Curator: Uras Kızıl
Art Talk: Ozan Atalan & Uras Kızıl

Bilsart presents Ozan Atalan’s exhibition entitled “Molecular: Asbestus and Fire” between 3 July – 13 July 2024 curated by Uras Kızıl.

The exhibition “Molecular: Asbestos and Fire” (2024) centers around asbestos, a material found in nature in long fibers within rocks, focusing on the hidden relationships surrounding asbestos. Ozan Atalan traces the extensive industrial use of asbestos by recognizing its potential forces. In this tracing process, Atalan calls upon the brick wall, one of the iterative images of his art, for version-specific political image production.

The presence of the brick wall evokes an involuntary need in the viewer to look and examine it closely. This makes the wall both participatory and inviting. This act of looking goes beyond a superficial glance, aligning with a seeing-in action that penetrates inward. Such an act of seeing cannot be explained through representation alone but emerges through sensory codes. It requires speculative narratives that open up to secondary meanings or interpretations, detached from the object’s visible reality.

So, how are these speculative narratives constructed with the brick wall in the context of the exhibition?

The wall’s sharing of its space to make room for a window serves various speculative readings in this specific exhibition. The condition of looking out from the window, traditionally used by the artist to reflect the reality of the outside world, does not apply here. The presence of the window deconstructs the historical acts of seeing and making in art. Although the relationship established between the window and the screen initially directs the viewer to look into the void and then at the screen, the void is not the sole condition for seeing. The deliberate deactivation of the window implies that the act of seeing can be achieved through the viewer’s possible positions within the space.

Another parameter in the choice of the brick wall is its relationship with asbestos as a hyperobject(1). Asbestos can be thought of as an invisible hyperobject that becomes apparent through the participation of another actor (typically a third actor). The point at which asbestos, as a hyperobject, makes its presence felt is realized through the movement of another hyperobject: fault lines. Asbestos emerges from among destructions. Atalan makes asbestos visible by using the possibilities of the brick wall, which we have been exposed to for several years, and integrating ChatGPT into the process. Atalan directs his questions about asbestos to ChatGPT. The ‘Socratic dialogue’ he engages in with ChatGPT and the resulting answers form early documentation of ChatGPT. The effort to test AI with questions inherent to new materialism and its deconstruction pertains to the patterns of this documentation. The answers provided by AI indicate evasiveness, circling around the issues and adopting a politically correct stance.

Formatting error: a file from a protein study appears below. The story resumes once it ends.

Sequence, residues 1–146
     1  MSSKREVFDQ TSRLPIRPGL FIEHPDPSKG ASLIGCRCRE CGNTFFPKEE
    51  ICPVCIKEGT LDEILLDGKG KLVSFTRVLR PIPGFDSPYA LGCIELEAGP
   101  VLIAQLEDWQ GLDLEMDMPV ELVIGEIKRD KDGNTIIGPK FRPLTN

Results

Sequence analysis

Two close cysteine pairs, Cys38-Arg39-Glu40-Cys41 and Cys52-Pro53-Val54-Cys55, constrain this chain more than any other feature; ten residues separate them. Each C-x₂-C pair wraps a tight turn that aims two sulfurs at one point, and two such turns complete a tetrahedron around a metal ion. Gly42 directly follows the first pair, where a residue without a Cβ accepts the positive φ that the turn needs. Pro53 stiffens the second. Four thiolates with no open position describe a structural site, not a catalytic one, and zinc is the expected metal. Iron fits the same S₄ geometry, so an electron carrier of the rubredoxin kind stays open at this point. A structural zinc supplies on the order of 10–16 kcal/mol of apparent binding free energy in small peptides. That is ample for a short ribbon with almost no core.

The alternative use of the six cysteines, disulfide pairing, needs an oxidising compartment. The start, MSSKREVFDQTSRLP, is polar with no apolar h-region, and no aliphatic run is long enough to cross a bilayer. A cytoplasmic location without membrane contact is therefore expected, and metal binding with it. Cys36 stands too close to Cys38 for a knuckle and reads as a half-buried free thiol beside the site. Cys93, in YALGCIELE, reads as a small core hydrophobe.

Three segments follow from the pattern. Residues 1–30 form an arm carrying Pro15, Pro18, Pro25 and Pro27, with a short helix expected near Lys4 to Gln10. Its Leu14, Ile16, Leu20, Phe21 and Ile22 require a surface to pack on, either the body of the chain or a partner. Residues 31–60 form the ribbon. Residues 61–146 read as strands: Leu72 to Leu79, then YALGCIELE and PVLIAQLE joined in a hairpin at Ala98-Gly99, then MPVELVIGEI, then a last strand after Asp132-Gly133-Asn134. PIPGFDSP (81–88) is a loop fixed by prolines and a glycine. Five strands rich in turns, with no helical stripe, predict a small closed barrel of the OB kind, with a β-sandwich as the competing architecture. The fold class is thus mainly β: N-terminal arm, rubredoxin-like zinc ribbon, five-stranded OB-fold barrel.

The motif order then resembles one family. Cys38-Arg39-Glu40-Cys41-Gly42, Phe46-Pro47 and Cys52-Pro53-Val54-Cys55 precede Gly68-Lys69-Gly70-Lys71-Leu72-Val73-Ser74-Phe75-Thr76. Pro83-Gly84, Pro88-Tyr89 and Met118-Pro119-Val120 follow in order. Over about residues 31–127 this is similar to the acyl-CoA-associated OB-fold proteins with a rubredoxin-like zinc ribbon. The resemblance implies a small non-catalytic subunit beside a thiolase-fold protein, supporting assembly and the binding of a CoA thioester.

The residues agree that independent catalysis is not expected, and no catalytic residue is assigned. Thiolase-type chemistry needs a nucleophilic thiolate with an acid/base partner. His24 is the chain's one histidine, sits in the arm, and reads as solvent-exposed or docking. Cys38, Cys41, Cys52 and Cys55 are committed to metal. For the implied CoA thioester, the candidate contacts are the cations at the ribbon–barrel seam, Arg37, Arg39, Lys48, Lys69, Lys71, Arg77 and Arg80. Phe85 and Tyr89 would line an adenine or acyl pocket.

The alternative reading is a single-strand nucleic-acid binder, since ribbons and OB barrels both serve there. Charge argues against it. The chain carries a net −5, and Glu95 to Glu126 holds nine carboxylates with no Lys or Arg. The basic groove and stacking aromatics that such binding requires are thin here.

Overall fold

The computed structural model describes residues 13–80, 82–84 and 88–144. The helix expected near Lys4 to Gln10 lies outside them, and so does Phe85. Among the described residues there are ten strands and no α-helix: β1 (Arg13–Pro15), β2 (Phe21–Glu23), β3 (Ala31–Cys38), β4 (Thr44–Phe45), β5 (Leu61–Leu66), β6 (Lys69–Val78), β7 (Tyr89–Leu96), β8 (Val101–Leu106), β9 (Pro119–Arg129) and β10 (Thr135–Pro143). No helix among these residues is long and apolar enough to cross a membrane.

The images seen on the screen behind the brick wall form video collages that follow one another in sequence. These images, produced in collaboration with AI, create a speculative visual repertoire of asbestos, which is impossible to access directly. There is a second element added to the speculative asbestos images: video recordings of the Library of Ephesus and the four female statues at its entrance(2). Atalan opens the production of knowledge systems in contemporary technology to an intra-artifact(3) reading with ‘prehistoric’ knowledge production. He achieves this by positioning himself as the subject of the research.

“Molecular: Asbestos and Fire” emphasizes the importance of dispelling the malign political attitude attributed to asbestos and distributing responsibility equally. The process necessitates an indirect approach to research due to the impossibility of physically recording asbestos. Hence, it calls upon qualitative post-research methods in an applied manner. The events themselves transform into a structure, making asbestos visible. The focus is on the process rather than the result. The entire process is made possible by documenting an ongoing performative act.

Click here for the press kit.

[1] Hipernesne is a term borrowed from Timothy Morton’s concept of Hyperobjects.

[2] The four female statues in the Library of Ephesus include Sophia (Wisdom), Episteme (Knowledge), Ennoia (Intelligence), and Arete (Virtue).

[3] Intra-art(i)fact is conceptualized in Uras Kızıl’s doctoral thesis titled “Reflections of the New Materialist Understanding of Matter and its (Anti)Relation to Romanticism in Contemporary Art: An Intra-Artistic New Materialist Analysis.”


Ozan Atalan (b. 1985, Gallipoli) is a visual artist and lecturer at Florida International University. He holds bachelor’s degrees from Anadolu University Faculty of Law (2007) and Dokuz Eylul University Faculty of Fine Arts, Department of Sculpture (2013). He earned his Master of Fine Arts from Syracuse University as a Fulbright scholar (2016) and his Doctorate in Art from Yaşar University (2024). He has taught sculpture courses at Syracuse University (2015-2016) and art and design courses at Yaşar University (2024) and İzmir University of Economics, Department of Visual Communication Design (2016-2023). His transmedia, interdisciplinary, and research-based works, primarily focusing on video installations, explore the intersection of social sciences such as psychology, anthropology, and philosophy with natural sciences like biology, quantum physics, and ecology. Atalan focuses on the co-evolution of human and non-human forms, reflecting eco-queer performativity from a critical posthumanist perspective. His works have been exhibited in prominent national and international venues such as the 16th Istanbul Biennial, Istanbul Museum of Modern Art, Montpellier Contemporain, Pera Museum, and Migros Museum of Contemporary Art.